NON-PROFITS: How would YOU use a radio station?

From the Tucson Citizen by 

 on Feb. 13, 2012

 

 

On Saturday, I attended a meeting sponsored by the Prometheus Radio Project, a group that helps non-profit organizations start their own community radio stations. Had you heard of Low Power FM Radio Service? I hadn’t. I didn’t even know local groups could operate their own radio stations.

I learned at the meeting that the airwaves, managed by the FCC, were originally given to broadcasters to responsibly serve the people. As with many aspects of life in America in 2012, radio stations generally focus on corporate profits, not the common good. (To me, the important questions are, ‘How much profit is enough? Shouldn’t a line be drawn when greed tramples serving the people?’) The Telecommunications Act of 1996 allowed for massive mergers and now TV and radio policies and programs are controlled by a few large corporations. What if you could be an independent voice? How would you use your airtime to make a difference for the people you serve?

Chet Gardiner, Community Radio Expert, Tucson, Az

It’s not easy to operate a radio station, especially with volunteers, but it is being done. It’s not easy to apply to the FCC for a license to operate a community radio station, but Prometheus and a local group,www.communityradiotucson.org, are available to help. They believe the airwaves belong to the people and should be operated by and for the people. I agree. Non-profit organizations, schools, churches and community organizers exist solely to serve the people who need them. I say, ‘You would control the content. Why not expand your reach?’

In 2000, when the FCC launched Low Power (10 to 100 watts) FM service, Congress was swayed by lobbyists and passed laws to limit it. Grass roots organizers like Prometheus have been campaigning for the peoples’ right to broadcast since that time. In 2010, Congress responded and passed the Local Community Radio Act. In Tucson, there is enough space on the FM bandwidth for up toten LPFM stations. There is, of course, an application process.

 

The FCC will:

 

  • Publish the rules (possibly in June, 2012)
  • Open the application window (a period likely to be less than a week)
  • Accept applications (perhaps in September/October)
  • Announce the single and multi-group applicants
  • Announce how long they will take to decide who receives a license
  • Announce the winners
  • Award construction permits

The rules will likely be similar to these from the past:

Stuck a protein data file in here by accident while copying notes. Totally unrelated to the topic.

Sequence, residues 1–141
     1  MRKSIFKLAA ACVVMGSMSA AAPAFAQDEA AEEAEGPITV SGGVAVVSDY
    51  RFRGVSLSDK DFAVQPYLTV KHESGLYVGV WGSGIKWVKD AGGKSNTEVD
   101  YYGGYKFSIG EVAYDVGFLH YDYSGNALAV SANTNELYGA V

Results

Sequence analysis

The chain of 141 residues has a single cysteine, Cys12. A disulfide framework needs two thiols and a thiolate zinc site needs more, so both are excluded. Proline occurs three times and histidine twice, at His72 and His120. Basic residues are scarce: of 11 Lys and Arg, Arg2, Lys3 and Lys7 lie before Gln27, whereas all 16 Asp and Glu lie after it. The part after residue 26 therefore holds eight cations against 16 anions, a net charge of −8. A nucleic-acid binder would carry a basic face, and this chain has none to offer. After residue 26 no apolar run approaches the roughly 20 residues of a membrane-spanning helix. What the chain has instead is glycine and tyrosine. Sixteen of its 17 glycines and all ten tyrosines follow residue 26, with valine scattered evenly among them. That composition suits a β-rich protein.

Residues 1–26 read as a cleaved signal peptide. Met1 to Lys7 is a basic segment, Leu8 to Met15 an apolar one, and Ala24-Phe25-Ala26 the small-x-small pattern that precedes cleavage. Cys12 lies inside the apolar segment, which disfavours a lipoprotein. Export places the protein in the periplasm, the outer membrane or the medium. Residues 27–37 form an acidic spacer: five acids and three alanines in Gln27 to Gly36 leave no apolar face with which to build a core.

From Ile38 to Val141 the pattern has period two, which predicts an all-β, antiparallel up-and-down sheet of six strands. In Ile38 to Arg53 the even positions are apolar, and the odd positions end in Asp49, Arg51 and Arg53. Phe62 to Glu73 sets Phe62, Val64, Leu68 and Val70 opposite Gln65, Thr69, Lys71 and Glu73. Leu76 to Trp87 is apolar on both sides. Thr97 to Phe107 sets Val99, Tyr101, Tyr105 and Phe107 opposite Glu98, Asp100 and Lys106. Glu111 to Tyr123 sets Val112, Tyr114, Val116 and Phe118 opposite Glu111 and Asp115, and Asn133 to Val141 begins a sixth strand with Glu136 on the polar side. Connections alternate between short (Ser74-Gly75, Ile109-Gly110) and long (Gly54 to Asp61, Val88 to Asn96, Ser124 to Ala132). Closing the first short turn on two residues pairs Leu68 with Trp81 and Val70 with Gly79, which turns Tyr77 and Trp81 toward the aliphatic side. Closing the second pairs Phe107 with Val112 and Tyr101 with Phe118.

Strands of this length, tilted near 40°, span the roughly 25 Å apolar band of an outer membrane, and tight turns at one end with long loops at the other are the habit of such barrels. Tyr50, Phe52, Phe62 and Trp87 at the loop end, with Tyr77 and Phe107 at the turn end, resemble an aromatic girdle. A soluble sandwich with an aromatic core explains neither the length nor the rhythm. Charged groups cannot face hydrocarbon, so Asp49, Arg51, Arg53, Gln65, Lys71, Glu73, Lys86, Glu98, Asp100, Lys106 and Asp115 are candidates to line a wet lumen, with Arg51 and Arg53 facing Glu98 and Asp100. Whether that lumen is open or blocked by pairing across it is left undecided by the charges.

• Must be a registered non-profit organization (at least two years is better)
  • Must have an educational mission
  • No advertising can be sold
  • The non-profit headquarters must be within 10 miles of the location of the transmitter and antenna
  •  75% of the board members must live within 10 miles of the transmitter

The costs to establish a LPFM radio station are estimated at a minimum of $20,000:

  • Fees: $500-$3000 for legal fees and an engineering study to check for potential interference on the radio band
  • Studio Equipment: $5000 minimum
  • Transmitting Equipment: $4000-$12,000 + the cost of the FCCs Emergency Alert System
  • Content Licensing: $600 per year for on-air broadcasting; more for web-streams
  • Recurring Costs: Rent, power, phone, office supplies, etc, equipment maintenance, costs related to creating content and any paid employees?

 

Questions to ask yourself are: Who will be the responsible license-holder? What would the on-air content be? Who will create and produce the content?

 

 

Non-Profits: What Should You Do Now?

 

Designate a location for the transmitter/antenna/equipment. Use the zip code to do a radio band channel search at: http://recnet.net. Network and collaborate with others who will help establish the station. With group applications, each non-profit organization could be responsible for creating specific amounts of content. Apply for community grants. Plan events to engage your neighborhoods. Speak to the minds, hearts and souls of your community. Tell them why local, people-powered radio is important. Raise money community-wide and from individual donors. Gain support of local businesses who care about your cause. Establish an online presence. Ask local media to do a story. Learn how others are successfully operating LPFMs. Contact Chet Gardiner at www.communityradiotucson.org and Prometheus for help with your questions and project:

Prometheus Radio Project
PO BOX 42158
Philadelphia, PA 19101
(215) 727-9620
www.prometheusradio.org